Eat, Pray, Love saved my life.
Okay, I’m being slightly melodramatic. Maybe reading Liz Gilbert’s travel autobiography didn’t literally save my physical live-and-breathe life-life. But her book saved me, as a person, as a woman, as a traveler.
I am colorful, I am happy, I am strong, and I know these things. In fact, travel brings them out in me. When I bought Eat, Pray, Love for 380 Baht at a used bookstore in Kanchanaburi, however, I did not recognize myself. I felt dull, decidedly unhappy, and fragile. Small.
I was going through some really nasty stuff, in an amazing foreign country full of amazing opportunity, that I just couldn’t see past. I won’t go too far into detail in this post, but it involves an emotionally and verbally abusive relationship that had just “ended” with me fleeing our Chiang Mai hostel room while he was out getting lunch. I got out of Chiang Mai pretty quickly (which is a damn shame, because Chiang Mai is awesome, though I would later return in happier times), first to Bangkok, then on a somewhat desperate, frenzied elephant sanctuary-related whim (elephants are like therapists, right?) to Kanchanaburi.
“This is a good sign, having a broken heart. It means we have tried for something.” -Eat, Pray, Love, by Liz Gilbert
For me, traveling alone is never really traveling alone. I’m obnoxiously extroverted. Hostel common spaces are my favorite new-best-friend
hunting grounds. That week in Kanchanaburi, though, I spoke to almost no one. I woke up, ate my breakfast at the hostel restaurant, avoided eye contact with other travelers, and explored the town. I had no confidence or desire to meet new people; in those lonely moments, I felt I had nothing to offer. I was quiet. I went to the market. I went to the many WWII memorials and cemeteries Kanchanaburi is known for. I watched the train cross the infamous Bridge on the River Kwai many, many times. And I read.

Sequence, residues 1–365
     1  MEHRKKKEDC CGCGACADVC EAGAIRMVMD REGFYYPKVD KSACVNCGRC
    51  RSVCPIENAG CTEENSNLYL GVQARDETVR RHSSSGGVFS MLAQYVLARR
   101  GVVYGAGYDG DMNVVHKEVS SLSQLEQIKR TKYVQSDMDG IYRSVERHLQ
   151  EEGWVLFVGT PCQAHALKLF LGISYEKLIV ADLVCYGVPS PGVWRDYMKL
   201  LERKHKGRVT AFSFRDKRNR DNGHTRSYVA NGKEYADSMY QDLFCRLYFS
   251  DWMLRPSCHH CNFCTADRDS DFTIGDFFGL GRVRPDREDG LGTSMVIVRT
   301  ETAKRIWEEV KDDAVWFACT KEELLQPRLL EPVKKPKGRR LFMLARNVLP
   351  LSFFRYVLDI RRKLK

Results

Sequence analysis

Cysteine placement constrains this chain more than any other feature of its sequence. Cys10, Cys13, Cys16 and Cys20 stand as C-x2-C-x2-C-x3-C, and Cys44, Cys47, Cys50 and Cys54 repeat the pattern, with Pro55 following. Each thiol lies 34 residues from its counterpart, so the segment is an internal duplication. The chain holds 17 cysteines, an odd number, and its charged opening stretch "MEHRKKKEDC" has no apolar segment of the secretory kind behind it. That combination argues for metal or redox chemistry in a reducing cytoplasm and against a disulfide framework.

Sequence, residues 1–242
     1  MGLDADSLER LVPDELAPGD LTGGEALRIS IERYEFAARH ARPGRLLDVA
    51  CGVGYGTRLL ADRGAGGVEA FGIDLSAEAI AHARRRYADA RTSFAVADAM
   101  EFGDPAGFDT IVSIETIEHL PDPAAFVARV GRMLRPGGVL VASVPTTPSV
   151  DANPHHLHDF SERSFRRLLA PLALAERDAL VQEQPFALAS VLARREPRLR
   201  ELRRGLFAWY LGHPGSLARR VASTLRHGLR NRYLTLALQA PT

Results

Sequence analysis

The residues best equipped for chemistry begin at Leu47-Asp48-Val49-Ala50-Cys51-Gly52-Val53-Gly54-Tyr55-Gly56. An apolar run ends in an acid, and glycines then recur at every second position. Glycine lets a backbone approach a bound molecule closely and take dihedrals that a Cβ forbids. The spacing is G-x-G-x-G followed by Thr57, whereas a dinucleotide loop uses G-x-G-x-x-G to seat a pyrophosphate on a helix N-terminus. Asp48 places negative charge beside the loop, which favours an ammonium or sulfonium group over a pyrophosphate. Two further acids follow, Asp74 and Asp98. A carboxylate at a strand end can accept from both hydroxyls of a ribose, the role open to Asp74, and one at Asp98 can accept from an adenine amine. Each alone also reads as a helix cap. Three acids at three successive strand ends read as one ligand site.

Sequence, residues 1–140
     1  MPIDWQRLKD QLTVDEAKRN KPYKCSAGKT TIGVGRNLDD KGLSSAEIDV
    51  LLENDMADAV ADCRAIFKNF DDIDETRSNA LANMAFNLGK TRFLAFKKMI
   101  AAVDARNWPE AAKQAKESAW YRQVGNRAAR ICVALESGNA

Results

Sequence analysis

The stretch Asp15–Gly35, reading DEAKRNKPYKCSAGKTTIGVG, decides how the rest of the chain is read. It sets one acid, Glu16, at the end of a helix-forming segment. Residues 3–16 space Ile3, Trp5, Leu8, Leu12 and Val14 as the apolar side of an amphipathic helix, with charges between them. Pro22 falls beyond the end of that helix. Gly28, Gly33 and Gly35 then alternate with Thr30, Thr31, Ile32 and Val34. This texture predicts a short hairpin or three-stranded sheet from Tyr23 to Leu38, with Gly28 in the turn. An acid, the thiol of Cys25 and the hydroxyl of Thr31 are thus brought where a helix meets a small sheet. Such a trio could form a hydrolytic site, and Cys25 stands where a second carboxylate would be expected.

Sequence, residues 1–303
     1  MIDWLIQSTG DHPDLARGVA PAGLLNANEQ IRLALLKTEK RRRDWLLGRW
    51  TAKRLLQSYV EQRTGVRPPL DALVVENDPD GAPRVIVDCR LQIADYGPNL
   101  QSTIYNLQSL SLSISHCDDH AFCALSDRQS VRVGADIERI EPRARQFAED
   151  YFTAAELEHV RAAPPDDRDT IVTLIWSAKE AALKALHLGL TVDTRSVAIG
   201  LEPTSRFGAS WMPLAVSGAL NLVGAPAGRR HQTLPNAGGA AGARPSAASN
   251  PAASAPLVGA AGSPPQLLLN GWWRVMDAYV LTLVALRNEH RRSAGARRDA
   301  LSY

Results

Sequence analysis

“When I get lonely these days, I think: So BE lonely, Liz. Learn your way around loneliness. Make a map of it. Sit with it, for once in your life. Welcome to the human experience.”
I sat in a hammock on the river and I read Eat, Pray, Love.
For those of you who have not yet read this glorious, life-changing, ultimate basic bitch travel bible, let me just break it down for you. It’s about a woman in an unsatisfying marriage, who realizes she doesn’t want kids nor any part of the life she’s set herself up for, who basically up and leaves to travel the world. She re-breaks her own heart more than once and generally feels–I’m paraphrasing–like a fuck-up. She doubts herself. She’s sad. She’s lonely. But she learns, and is empowered in the end to be human and love life for what it is.
I know, I know. It sounds like Oprah book club stuff, right?
And I know, another solo female travel blog playing off Eat, Pray, Love?
Damn straight, it is! It was like Liz Gilbert was speaking directly to me. When I was at my lowest, Gilbert’s story about an independent woman inspired by travel gave me hope. It helped me pick myself up by my bootstraps and have an amazing time in Southeast Asia. Sure, no emotional transformation happens overnight, but I can remember so many powerful, poignant, solitary moments in my hammock in the jungle, shedding tears over the pages of that book because of how deeply the words spoke to me. Remembering how much it meant to me, even now, when I feel confident and whole and dandy again, is emotional.
“Never forget that once upon a time, in an unguarded moment, you recognized yourself as a friend.”
Eat, Pray, Love is about Gilbert learning and loving who she is. Well, the book slowly but surely reminded me who I was, too: the loud, happy-go-lucky blonde American who was always up for a hike followed by beer pong, who could make friends with just about anyone, and who is colorful and happy and strong. I will always be grateful for that reminder in that hammock by the river, and my blog title is a little expression of that gratitude. An ode to the wonderful novel and author who saved me. Here I will continue to learn and grow and have my own adventures.
“I think I deserve something beautiful.”